The transcript suggests that the chaos may have added to the death toll that could eventually exceed 300. Many people followed the captain’s initial order to stay below deck, where it is feared they remain trapped.
In the final nerve-wracking moments before the vessel began listing dangerously, an unidentified crew member on the 6,825-ton Sewol repeatedly asked an official from Jindo Vessel Traffic Services whether help was on the way.
“We are listing. Now we are about to go down,” the crew member said. “It has tilted so much and we can hardly move.”
In another message, the crew member revealed that safety instructions couldn’t be relayed to passengers as the PA system on board was broken at that crucial moment.
Regardless, the VTS official responded, “Please advise passengers to wear life jackets and wear as many layers as possible.”
“If this ferry evacuates passengers, will you be able to rescue them?” the unidentified crew member asked.
“At least make them wear life rings and make them escape,” the traffic-center official responded.
“If this ferry evacuates passengers, will they be rescued right away?” the crew member asked again.
“Don’t let them go bare ― at least make them wear life rings and make them escape,” the traffic official repeated. “The rescue of human lives from the Sewol ferry ... the captain should make his own decision and evacuate them. We don’t know the situation very well. The captain should make the final decision and decide whether you’re going to evacuate passengers or not.”
“I’m not talking about that,” the crew member said. “I asked ― if they evacuate now, can they be rescued right away?”
The traffic official then said patrol boats would arrive in 10 minutes, though another civilian ship was already nearby and had told controllers that it would rescue anyone who went overboard.
The dramatic transcript released by South Korean officials is fueling anger among distraught relatives of the passengers, some of whom scuffled with police on Sunday over what they say has been a botched response to the disaster.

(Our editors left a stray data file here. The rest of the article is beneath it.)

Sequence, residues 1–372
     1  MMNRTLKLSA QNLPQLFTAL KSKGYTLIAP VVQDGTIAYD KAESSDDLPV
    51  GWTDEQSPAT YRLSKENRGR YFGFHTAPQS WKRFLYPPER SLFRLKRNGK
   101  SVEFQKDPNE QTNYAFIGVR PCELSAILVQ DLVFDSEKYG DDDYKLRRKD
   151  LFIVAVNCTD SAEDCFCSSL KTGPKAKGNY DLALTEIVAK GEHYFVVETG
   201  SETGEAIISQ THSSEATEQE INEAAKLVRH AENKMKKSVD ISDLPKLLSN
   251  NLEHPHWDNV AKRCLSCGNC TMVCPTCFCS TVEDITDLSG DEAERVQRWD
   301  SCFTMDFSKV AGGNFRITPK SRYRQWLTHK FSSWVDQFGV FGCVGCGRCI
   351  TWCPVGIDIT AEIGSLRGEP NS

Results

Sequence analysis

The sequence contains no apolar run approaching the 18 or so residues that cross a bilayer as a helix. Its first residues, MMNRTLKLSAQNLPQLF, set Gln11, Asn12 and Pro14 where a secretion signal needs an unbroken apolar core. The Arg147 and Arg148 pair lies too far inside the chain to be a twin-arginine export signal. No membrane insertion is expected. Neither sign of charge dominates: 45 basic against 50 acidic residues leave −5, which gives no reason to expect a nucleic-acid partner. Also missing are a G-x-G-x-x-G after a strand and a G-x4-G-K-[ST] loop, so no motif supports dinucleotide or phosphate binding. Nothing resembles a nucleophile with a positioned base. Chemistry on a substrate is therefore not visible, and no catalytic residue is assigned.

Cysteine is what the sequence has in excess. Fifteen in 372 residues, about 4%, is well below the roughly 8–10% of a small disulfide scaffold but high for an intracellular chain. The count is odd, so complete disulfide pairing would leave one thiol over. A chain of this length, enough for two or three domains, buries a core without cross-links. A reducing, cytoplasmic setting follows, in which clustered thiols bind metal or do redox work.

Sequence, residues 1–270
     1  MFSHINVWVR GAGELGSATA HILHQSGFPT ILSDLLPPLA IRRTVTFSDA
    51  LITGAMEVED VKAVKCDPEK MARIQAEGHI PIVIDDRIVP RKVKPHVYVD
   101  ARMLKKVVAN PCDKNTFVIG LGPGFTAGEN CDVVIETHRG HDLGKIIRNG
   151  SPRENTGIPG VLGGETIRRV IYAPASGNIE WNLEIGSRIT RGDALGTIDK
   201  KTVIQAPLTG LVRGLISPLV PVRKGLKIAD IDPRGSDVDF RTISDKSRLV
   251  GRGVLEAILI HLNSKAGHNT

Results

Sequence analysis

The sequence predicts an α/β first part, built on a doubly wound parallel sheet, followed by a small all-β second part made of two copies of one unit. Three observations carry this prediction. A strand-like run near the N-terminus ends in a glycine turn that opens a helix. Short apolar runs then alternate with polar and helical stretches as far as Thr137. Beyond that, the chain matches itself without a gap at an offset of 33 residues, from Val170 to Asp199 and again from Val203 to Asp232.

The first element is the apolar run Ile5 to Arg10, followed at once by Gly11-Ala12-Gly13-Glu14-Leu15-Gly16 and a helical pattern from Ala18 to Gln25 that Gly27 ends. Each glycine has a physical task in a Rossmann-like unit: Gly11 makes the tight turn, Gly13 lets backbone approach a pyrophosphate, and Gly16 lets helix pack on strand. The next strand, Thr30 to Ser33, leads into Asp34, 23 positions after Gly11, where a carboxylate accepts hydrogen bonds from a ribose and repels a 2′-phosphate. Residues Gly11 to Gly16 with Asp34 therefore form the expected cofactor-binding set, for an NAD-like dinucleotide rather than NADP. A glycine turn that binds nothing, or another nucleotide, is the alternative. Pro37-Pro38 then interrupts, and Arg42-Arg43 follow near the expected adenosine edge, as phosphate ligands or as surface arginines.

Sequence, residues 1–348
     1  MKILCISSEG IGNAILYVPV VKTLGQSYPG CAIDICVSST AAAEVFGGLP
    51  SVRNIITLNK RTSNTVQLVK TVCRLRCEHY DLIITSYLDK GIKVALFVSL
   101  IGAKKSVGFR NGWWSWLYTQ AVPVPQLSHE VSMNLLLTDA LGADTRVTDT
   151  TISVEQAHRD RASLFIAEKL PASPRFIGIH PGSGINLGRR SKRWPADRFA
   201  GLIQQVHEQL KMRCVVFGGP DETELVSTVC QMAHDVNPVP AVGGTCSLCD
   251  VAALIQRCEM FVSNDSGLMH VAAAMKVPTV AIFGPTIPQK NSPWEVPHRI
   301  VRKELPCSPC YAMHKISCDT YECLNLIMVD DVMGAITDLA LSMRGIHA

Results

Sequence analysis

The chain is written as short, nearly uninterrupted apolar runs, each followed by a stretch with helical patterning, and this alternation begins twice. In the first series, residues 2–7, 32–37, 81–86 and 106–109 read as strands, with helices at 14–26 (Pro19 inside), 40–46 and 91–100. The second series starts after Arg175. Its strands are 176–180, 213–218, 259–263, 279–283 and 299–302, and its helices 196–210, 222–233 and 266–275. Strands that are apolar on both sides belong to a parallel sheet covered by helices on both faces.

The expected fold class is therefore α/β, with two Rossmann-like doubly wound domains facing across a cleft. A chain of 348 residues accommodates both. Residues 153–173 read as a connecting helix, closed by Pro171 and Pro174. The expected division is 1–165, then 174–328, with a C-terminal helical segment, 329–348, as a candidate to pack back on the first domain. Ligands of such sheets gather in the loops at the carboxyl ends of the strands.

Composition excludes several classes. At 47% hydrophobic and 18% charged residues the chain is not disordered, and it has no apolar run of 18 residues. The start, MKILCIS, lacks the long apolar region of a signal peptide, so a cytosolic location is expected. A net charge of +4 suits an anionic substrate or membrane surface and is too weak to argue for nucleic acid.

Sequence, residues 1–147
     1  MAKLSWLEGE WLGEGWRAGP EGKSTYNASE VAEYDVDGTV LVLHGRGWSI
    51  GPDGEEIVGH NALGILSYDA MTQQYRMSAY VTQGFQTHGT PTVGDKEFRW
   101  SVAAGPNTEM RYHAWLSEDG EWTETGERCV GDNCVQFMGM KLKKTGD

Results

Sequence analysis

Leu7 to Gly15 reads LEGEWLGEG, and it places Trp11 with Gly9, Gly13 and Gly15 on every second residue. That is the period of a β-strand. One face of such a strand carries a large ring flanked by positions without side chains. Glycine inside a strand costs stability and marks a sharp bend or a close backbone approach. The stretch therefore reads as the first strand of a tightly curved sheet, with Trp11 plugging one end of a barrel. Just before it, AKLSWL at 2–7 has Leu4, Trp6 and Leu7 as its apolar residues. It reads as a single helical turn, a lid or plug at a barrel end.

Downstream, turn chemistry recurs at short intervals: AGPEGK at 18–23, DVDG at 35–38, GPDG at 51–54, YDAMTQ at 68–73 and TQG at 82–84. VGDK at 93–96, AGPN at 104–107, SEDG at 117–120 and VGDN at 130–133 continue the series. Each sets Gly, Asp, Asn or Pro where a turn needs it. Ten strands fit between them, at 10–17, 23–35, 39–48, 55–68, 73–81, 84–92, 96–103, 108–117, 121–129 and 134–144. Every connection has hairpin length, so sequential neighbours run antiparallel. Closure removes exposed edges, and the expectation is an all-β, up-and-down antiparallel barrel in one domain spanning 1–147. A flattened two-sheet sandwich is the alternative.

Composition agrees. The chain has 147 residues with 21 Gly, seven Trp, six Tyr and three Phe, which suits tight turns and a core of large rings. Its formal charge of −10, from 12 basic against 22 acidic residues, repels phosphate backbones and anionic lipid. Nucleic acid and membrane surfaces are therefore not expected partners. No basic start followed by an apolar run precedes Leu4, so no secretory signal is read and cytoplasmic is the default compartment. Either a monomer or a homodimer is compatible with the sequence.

The ship’s crew members are coming under vehement criticism over the delay in mobilizing passengers as the ship first sank, a possibly fatal error of judgment before the vessel fully submerged with hundreds trapped on board.
Experts have suggested that many more people might have escaped if they had moved to reach evacuation points before the ship listed sharply and water started flooding in.
The cause of the disaster is not yet known, but prosecutors have said the ship made a sharp turn before it began to list.
Investigators arrested ferry captain Lee Joon-seok on Saturday along with a helmsman and the ship’s relatively inexperienced third officer, charging them with negligence and failing to secure the safety of hundreds of passengers.
More than 170 people survived the sinking of the Sewol, which was heading from Incheon port to the southern tourist island of Jeju. The captain reportedly took more than half an hour to issue an evacuation order, which several passengers have said they never heard.
The confirmed death toll climbed over the weekend after divers finally found a way inside the sunken vessel and quickly discovered more than a dozen bodies. They had been hampered for days by strong currents, bad weather and low visibility.
(From news reports)